Having reached alert level 2 of Covid-19, I reflect here on some of the changes in people's behaviour and practice before the rahui/lockdown and level 4, particularly in my suburban Durie Hill neighbourhood.
I enjoyed the slower pace of life and am disappointed at how quickly many folk returned to old ways. This was brought home to me at level 3 when cycling up Portal St and four vehicles zoomed past me in quick succession. The air stank of petrol fumes.
"I don't need a mask for Covid," I thought. "I need a mask for pollution."
This made me realise how pleasant and healthy a slower pace of life can be for us all. Because we all had to "stay safe, stay home and stay in our local area", and I am not an essential worker, I did what folk throughout Aotearoa New Zealand did and stayed home.
I worked from home — a challenge without the resources available in the office — learned more about the technology available and how to connect with groups remotely, enabling birthday parties, meetings, get-togethers and discussions via internet connections. Lots of people have said the same things, via social media, visual media and in private and public communications.
Like so many others, I found there were benefits to having to be at home, but not on holiday. The geographical and physical restrictions the rahui/lockdown imposed meant I had time to think, complete unfinished chores, begin new projects, catch up with myself and others by phone, email or other forms of social media.
Working from home and meeting or socialising on line and spending days locally did away with travel time and reduced pressure to be places and do things.
I could see the difference as I walked or cycled Durie Hill, observing what people were doing and enjoying, as one person put it, the "more like 1950s" pace of life. I took lots of photographs, talked to lots of people (physically distanced, of course), met new folk and reacquainted myself with others.
Over the five weeks, the atmosphere changed, the happy busy hive of activity becoming less bubbly and somewhat frustrated adjusted.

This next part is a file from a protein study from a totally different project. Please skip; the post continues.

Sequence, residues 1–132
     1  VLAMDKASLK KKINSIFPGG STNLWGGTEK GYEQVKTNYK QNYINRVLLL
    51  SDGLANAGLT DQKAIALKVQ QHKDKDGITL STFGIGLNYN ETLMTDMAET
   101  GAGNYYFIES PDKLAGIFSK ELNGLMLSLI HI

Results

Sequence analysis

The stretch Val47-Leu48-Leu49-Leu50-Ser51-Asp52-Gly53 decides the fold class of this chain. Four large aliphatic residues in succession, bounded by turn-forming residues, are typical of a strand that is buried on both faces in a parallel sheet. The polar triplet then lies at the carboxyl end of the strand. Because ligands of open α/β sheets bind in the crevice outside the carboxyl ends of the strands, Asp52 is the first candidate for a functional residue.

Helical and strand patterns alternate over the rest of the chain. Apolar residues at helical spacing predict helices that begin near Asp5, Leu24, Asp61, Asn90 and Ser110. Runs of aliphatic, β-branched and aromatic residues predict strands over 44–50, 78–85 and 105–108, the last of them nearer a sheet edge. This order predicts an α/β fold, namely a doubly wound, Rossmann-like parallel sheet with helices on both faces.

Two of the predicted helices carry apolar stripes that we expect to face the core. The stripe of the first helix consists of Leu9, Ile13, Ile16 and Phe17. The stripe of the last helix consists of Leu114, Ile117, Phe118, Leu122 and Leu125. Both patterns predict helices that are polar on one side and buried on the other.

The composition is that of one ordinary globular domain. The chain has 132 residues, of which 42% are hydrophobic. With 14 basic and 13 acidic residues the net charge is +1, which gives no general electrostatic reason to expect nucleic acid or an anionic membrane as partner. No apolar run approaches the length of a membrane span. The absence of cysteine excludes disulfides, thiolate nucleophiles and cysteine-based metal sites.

I was aware of comments made by Marilyn Waugh, a former New Zealand probation officer, and specialist in home detention.
Via Facebook, Waugh outlined the stages folk go through when in detention and suggested the experience of Aotearoa New Zealanders experiencing the rahui/lockdown might be the same.
The first two weeks, Waugh said, may have a holiday atmosphere with folk catching up with chores but that, by week 3 they realise what detention really means and depression can set in. Fortunately, by week 4, folk have generally adjusted. I noted this happening in Italy where, during the first 10 days or so of lockdown folk got together to sing from their balconies but this diminished by the third week when they began to understand the economic and social implications.
I wondered what would change on the Hill but wasn't to know for five weeks. I saw then that we, and the rest of the nation, had responded similarly.
For the first two weeks, the atmosphere was lively. The weather was fine, clear and sunny. The community came alive with people in a way it hadn't done at weekends or school holidays. Before rahui, people used their cars for work, the school run, shopping, or going just about anywhere. In rahui, people left their cars at home, using them only for essential purposes — like work, medical appointments and grocery shopping.
As a result, the numbers of folk out an about increased visibly. They were young, old and in between, on foot or on bikes, scooters and skateboards, individually, in pairs, or in family groups (one or two adults, one or more children), several with dogs. Folk took their time, wandered, stopped to chat, swapped produce and plants, checked on neighbours and friends, and found creative ways to socialise.
During the first week, we could hear lawnmowers roaring, hammers rapping, skillsaws whirring and paint flakes falling (yes, it was that quiet!) as folk tended their homes and yards, prepping houses and roofs for painting, catching up on deferred maintenance or beginning new projects.
By the second week, folk could be seen out tidying and sorting sheds, airing bed linen in the sunshine, socialising in their bubbles on their front porches or bringing chairs and drinks and meeting distantly in driveways or green spaces. Folk continued exercising outdoors, kids played in their yards, watched movies, or spent lots of time indoors playing board games or on their screens.